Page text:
The Witcher 3: Wild Hunt Next-Gen Update Review
Oh boy, here I go Witchering again
At some point or another, we’re all going to have to accept that 2015 was eight years ago. Maybe I’m just getting old (cue a groan from my 30-something year old editor), but it feels like I was a high schooler just last week. My perpetually overworked brain refuses to accept that Donald Trump was the president of the United States, the whole 8 years of war in Ukraine debacle and the existence of 5 ex-prime minsters in the United Kingdom. The fact that I’m still playing The Witcher 3: Wild Hunt isn’t helping things either, because even though it adds a minor slew of new improvements, the title still feels like it’s stuck in a year when a conflict in the Middle East was the most important thing happening in the world.
If for some reason you haven’t played The Witcher 3, let me fill you in. The title, which won more awards than a Ukrainian politician in 2022, is essentially edgy Lord of the Rings. It’s a perfectly polished, absurdly violent and overly dark roleplaying game where your job is to kill a lot of people to save the world or something. Back when it launched in 2015, it also made its developer CD Projekt Red one of the most loved companies in existence because of how they released regular free updates to something that was already a fantasy fan’s wet dream. It was, and to a lesser extent still is, graphically great, has stupidly satisfying third-person sword and spell-based gameplay, and its story is so good that non-nerds watched a Netflix show adaptation of it.
However, the problem with The Witcher 3 is that a lot of time has passed since it released, and with it a lot of other great open world games have come out. While the title’s visual elements will forever be considered pretty poggers, and the bar for third-person melee games isn’t exactly high, the overall experience of Wild Hunt just isn’t as phenomenal as it once was. The next generation update for it, then, seeks to address these things, and does so more or less appropriately.
The biggest changes it brings are graphics-related. On PC, there are now even more options to melt your GPU and give you amazing screenshots, and on consoles, the game looks even better than it once did (and can now be ran at a constant 60FPS). The update isn’t anything close to a total remaster, but the new settings are a welcome addition to a game that already looked fantastic when it released. It should be noted that it does take a super beefy rig to use any of these things on computers, as the one I played it on (which, coincidentally was built to run the base game back when my parents paid for my stuff), was bricked until I turned off almost every new setting. Console players shouldn’t have this issue, obviously, and as such it’s nice to have the ability to expertly tune your visual experience regardless of your platform.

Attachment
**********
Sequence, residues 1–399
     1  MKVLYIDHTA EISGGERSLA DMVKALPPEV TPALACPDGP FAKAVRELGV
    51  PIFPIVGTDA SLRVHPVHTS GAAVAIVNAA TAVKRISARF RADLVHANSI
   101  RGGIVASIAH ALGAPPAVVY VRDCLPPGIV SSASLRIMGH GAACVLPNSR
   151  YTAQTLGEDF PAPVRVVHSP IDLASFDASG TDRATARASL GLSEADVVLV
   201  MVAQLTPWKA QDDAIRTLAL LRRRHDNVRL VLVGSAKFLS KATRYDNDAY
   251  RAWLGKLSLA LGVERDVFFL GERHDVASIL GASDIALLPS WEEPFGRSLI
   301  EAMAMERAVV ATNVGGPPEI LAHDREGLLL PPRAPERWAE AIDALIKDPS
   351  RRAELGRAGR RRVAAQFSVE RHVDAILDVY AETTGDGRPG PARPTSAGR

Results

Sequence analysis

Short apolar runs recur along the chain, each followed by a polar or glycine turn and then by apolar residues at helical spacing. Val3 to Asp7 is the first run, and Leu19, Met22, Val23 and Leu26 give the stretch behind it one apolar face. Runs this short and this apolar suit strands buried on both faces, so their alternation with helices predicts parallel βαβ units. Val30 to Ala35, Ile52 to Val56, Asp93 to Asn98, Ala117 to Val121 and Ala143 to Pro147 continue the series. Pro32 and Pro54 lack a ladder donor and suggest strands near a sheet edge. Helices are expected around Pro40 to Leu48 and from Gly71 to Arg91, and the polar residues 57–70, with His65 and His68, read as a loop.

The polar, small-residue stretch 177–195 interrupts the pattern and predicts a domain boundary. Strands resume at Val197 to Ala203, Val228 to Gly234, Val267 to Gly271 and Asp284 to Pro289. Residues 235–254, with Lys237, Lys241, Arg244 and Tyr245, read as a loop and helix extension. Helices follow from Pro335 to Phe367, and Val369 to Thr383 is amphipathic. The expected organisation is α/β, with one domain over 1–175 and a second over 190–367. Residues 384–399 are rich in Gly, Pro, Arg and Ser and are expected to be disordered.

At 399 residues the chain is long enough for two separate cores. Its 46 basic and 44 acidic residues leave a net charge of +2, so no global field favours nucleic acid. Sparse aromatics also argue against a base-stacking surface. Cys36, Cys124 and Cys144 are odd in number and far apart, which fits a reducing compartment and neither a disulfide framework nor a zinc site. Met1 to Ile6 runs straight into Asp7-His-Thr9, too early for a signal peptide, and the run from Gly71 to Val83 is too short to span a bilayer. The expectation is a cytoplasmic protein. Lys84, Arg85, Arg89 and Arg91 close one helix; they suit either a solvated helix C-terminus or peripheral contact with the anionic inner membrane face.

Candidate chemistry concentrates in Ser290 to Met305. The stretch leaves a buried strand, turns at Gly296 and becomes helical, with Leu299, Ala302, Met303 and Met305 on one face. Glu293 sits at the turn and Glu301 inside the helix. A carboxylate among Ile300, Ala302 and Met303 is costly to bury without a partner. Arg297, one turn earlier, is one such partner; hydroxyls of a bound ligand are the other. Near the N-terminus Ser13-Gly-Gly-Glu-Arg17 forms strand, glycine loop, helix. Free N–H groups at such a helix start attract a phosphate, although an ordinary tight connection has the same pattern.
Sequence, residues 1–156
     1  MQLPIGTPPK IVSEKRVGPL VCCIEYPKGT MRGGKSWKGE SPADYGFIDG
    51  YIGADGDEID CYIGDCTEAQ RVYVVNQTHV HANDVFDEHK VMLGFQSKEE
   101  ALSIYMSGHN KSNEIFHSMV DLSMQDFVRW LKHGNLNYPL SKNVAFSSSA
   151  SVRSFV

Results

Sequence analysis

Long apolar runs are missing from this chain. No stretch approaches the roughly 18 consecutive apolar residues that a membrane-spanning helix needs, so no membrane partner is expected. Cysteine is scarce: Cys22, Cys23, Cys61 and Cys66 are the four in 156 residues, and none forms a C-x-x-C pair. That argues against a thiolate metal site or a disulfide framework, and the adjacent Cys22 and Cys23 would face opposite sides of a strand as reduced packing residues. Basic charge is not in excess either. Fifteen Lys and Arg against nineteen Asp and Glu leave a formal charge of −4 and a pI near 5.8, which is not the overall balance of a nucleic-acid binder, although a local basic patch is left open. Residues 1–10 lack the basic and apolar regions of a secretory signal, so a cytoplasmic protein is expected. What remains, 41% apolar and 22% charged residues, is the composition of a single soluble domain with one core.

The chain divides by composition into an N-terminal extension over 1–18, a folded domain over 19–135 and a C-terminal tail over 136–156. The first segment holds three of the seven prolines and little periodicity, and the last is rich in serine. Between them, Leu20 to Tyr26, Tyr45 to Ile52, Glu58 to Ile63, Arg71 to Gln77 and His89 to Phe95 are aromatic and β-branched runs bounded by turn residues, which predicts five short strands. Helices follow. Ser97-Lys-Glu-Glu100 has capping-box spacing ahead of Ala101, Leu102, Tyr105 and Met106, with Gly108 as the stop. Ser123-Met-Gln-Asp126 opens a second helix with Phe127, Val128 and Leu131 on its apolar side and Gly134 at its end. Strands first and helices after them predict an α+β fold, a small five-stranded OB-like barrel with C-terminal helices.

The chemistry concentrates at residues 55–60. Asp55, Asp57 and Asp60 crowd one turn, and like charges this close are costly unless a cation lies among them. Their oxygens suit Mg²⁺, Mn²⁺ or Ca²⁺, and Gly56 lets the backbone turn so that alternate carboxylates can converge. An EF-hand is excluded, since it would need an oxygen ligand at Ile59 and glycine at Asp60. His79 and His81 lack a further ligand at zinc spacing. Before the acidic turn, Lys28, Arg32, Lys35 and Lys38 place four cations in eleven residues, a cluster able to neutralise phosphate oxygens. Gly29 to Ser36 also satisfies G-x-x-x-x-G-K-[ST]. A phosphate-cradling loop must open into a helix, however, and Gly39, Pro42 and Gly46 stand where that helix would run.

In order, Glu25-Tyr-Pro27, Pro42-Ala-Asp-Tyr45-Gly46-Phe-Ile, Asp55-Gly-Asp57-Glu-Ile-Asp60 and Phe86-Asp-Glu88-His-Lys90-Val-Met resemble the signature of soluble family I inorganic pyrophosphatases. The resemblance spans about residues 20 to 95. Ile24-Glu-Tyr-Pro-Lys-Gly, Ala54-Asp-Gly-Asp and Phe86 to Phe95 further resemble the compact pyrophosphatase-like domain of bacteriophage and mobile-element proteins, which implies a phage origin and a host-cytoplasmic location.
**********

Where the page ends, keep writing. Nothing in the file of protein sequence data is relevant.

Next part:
There are also some smaller gameplay improvements included thanks to mods that are now pre-packaged with the game, and like the visual update, these don’t make or break the title but are still fun to have. It’s now slightly easier to manage your inventory, navigate the map and there’s some new gear to find. But outside of that, there just isn’t a whole lot to say.
The same can be said for the question that’s on everyone’s mind, which is if the update warrants a replay of the 80-hour experience. If you’re looking for an excuse to boot up the title, or even pick it up for the first time, nothing included in the Next Gen Update can convince you one way or another. The game is still, to the surprise of nobody, The Witcher 3 for better and worse. Its gameplay is still great, albeit slightly dated compared to the likes of God of War: Ragnarok, the story is still super drawn out but otherwise enjoyable, and its visuals are still stunning.
As such, The Witcher 3: Wild Hunt Next Gen Update is, well, an update, and that’s about it. The new features it includes are nice enough, and the bugs it fixes won’t be missed, but there isn’t a whole lot else to it. The title is still one of the best RPGs on the market, and can comfortably sit at the top of a near-infinite number of gaming-related lists. Anyone looking for a reason to play it again won’t find it in this update, nor will those who haven’t decided to pick it up yet. But in the years to come, these new features will certainly help it age a lot better than the completely unnecessary Assassin's Creed III remaster as the world as a whole finds something better to care about.
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